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This was an intriguing, Rhodesian-designed, mine clearing vehicle fitted with sensors that enabled it to locate, by electronic means, landmines buried in the road. Its equipment was built into a converted Volkswagen Beetle.
Originally used in Zimbabwe in the 1970s, the Pookie earned its stripes in the battle against anti-tank mines, which at one point were being laid on the roads at a rate of 200 a day. While more than 600 people were killed and countless more injured by landmines on the roads and runways in Zimbabwe, prior to its independence, the toll would have been much higher but for the invention of the Pookie, a small detection vehicle, designed to travel ahead of military and civilian convoys and light enough not to detonate anti-tank mines.
Originally posted by TooRisky IED's and Mines are two different animals.....an IED is a command detonated device ie:cell phone, where mines are pretty static and rely on pressure. IED's can be made from any material, but the human triggering is the key here, the "Pookie" would be usless and/or destroyed upon encountering an IDE and could not rely on its light wieght.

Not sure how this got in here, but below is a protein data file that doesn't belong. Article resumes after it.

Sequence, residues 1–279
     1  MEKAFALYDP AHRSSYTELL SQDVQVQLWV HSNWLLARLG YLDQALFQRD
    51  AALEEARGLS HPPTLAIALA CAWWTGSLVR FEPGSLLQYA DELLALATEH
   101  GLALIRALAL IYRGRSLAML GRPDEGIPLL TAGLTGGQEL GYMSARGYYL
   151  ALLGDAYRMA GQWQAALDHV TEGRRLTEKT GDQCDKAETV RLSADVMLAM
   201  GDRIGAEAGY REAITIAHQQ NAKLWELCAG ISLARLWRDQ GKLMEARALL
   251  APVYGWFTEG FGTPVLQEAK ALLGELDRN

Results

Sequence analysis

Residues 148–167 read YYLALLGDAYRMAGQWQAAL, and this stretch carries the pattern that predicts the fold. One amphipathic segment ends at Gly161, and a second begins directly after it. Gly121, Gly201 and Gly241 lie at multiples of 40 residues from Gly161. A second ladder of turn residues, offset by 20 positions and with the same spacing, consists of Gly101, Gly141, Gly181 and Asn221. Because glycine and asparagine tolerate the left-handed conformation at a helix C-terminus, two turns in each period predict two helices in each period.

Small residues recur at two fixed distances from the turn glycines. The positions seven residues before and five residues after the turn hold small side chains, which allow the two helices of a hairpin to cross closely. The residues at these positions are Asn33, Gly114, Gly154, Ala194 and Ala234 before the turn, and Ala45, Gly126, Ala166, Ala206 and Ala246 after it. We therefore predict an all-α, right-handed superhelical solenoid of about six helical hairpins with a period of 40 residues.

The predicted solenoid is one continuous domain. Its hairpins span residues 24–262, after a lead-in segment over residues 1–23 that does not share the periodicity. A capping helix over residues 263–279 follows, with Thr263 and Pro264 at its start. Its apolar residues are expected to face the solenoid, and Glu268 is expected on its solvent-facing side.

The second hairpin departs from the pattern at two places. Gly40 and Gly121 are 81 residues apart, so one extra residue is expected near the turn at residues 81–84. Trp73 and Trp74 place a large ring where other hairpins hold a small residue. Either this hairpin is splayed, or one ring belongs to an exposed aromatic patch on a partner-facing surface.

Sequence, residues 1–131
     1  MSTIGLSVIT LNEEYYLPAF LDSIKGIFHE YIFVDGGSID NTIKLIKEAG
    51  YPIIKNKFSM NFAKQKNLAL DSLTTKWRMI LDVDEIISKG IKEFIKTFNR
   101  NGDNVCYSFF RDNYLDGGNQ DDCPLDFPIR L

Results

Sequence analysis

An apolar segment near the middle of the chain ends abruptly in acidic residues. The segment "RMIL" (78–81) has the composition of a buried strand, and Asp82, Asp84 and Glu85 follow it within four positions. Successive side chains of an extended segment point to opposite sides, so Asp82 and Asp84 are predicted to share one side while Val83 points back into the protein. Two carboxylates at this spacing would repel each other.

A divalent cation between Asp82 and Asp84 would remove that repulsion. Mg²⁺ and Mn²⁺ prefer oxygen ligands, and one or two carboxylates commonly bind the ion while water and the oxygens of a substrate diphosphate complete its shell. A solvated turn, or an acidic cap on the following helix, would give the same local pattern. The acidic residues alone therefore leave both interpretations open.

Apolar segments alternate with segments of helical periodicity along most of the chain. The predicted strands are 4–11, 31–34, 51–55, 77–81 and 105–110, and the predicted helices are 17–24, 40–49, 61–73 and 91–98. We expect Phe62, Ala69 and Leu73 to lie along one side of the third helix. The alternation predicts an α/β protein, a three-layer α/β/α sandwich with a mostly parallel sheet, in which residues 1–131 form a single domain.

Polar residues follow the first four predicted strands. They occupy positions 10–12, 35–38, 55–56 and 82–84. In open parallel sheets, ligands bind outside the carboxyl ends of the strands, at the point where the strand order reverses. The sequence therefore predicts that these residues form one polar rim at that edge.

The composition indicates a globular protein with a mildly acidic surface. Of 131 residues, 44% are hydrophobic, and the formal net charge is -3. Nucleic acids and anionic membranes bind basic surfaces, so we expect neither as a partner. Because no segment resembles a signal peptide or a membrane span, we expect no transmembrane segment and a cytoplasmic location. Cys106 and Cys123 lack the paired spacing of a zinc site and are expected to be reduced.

During the Vietnam War the original AC-130A Spectre gunships employed the "Pave Mace"/"Black Crow" magnetic anomaly detection system to detect truck ignition coils in vehicles hidden under heavy jungle canopies. The electric field of the truck coil, rather than its magnetic disturbance, was detected, giving another clue to the nature of the MAD sensor.
CSIRO's innovative radar system can probe distances from less than one centimetre to several metres and will pick up both metallic and non-metallic objects.
A ground-penetrating sonar echo locating device uses acoustic energy to locate underground structures...